We are also seeking to appoint four Assistant Professors, two in German, one in Hispanic Studies and one in Japanese Studies. For these posts, we welcome applications from candidates in any area of the respective discipline that fits with the research strengths of the School of Modern Languages and Cultures.
For all these posts, we will also consider candidates with expertise in comparative literary or visual studies.
Finally, we wish to appoint an Assistant Professor on the Teaching Track to provide leadership in the teaching of Italian language to our undergraduates. We welcome applications from candidates with experience and pedagogical interests in this area.
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|Teaching Fellow in French||School of Modern Languages and Cultures||Grade 7 (£32,548 - £38,832)|
The School's reach spans Europe, the Arab world, Russophone Eurasia, Hispanic America, East Asia, and their mutual socio-cultural, intellectual and linguistic relations. The School federates expertise to generate innovative research practices and activities that cross historical, geographical and methodological boundaries. The School’s research culture is based around particular strengths in:
- Medieval and Early Modern Studies
- Visual and Performance Studies
- The Sciences and the Humanities
Much research in the School is interdisciplinary, involving areas such as literary study, cultural history, translation studies, philosophy, and film and visual culture. This is facilitated by the university-wide research infrastructure which is particularly supportive of interdisciplinary enquiry. In the School, there are currently seven research groups active or in development: Digital Studies, Ecology and the Arts, Justice and the Arts, Translation, The Life of Texts, Performance and Performativity, and World Cinema and Cosmopolitics
The School plays a leading role in Faculty and University-wide research groups, including the Institute of Medieval and Early Modern Studies, the Centre for Cultural Ecologies, the Centre for Visual Arts and Culture, and the Centre for Medical Humanities, and plays an important role in the University’s prestigious Institute of Advanced Study, which promotes world-class research across the Faculties.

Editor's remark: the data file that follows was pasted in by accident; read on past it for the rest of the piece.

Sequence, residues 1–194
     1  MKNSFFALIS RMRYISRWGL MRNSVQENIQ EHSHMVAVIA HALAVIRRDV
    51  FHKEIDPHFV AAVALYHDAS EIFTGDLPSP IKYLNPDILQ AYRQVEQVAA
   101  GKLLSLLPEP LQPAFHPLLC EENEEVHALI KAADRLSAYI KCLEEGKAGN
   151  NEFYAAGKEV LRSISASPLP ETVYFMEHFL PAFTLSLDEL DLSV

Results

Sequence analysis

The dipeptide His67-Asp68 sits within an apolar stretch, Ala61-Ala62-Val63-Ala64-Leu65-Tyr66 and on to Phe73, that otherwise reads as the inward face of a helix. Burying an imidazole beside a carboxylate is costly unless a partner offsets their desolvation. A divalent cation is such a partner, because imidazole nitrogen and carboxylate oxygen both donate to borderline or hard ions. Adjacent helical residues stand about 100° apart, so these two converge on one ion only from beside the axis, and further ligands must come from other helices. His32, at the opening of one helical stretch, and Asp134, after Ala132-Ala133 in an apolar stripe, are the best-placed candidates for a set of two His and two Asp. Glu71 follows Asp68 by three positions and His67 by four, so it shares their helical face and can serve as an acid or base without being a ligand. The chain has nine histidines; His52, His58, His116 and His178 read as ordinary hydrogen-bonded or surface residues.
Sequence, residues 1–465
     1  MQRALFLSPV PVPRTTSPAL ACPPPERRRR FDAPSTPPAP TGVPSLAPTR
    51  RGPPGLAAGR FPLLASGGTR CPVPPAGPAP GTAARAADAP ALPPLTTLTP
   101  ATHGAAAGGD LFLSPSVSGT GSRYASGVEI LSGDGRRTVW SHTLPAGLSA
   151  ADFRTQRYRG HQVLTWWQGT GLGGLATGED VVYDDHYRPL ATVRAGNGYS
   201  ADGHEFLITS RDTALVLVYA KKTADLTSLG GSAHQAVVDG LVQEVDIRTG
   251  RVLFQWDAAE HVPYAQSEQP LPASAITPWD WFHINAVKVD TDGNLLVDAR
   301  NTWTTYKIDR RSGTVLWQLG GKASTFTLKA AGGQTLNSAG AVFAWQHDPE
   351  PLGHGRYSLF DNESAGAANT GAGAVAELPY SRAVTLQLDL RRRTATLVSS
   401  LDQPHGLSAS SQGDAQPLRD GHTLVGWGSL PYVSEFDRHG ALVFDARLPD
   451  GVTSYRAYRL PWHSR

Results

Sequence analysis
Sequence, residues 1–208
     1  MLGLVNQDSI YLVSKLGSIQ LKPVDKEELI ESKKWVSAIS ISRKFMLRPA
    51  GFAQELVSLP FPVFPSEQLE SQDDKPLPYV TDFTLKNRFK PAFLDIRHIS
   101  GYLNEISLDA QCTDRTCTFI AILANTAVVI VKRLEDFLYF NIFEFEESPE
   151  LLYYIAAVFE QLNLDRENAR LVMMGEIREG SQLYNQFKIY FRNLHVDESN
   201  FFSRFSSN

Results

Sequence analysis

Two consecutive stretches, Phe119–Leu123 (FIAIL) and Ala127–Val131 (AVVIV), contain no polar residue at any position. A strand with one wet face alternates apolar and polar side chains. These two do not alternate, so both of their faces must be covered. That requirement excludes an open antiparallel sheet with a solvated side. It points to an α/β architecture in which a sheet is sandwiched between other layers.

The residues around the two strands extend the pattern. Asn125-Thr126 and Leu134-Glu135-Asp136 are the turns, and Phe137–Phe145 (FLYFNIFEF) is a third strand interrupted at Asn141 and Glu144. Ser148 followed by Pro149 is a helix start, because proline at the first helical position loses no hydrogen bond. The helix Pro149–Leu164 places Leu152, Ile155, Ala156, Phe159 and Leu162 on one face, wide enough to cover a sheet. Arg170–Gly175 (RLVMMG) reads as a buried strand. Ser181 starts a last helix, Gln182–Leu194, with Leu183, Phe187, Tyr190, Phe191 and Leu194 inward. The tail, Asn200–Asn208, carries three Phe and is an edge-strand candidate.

The School is a key contributor to one of four major research programmes to which the UK’s Arts and Humanities Research Council (AHRC) awarded funding in 2016 as part of its Open World Research Initiative (OWRI). It is part of a consortium headed by the University of Manchester, which was awarded c. £4 million to develop a large interdisciplinary research programme titled "Cross-Language Dynamics: Reshaping Community" (2016 – 2020).
As part of its commitment to local regeneration through internationalisation, the School is engaged in collaborative activities with Auckland Castle Trust around the Spanish Art in County Durham initiative (https://www.aucklandcastle.org/spanish-gallery/)
There are currently just under 50 active researchers in the School of Modern Languages and Cultures, across eight language areas. They are supported by approximately 40 specialist language teachers and 12 members of professional support staff.
Every research active member of staff is supported by a long-term research advisor who, for instance, offers guidance on funding opportunities and collaborators, comments on draft papers or book proposals, and acts as a sounding board to develop new ideas and research themes.
Learn More: durham.ac.uk/mlac/staff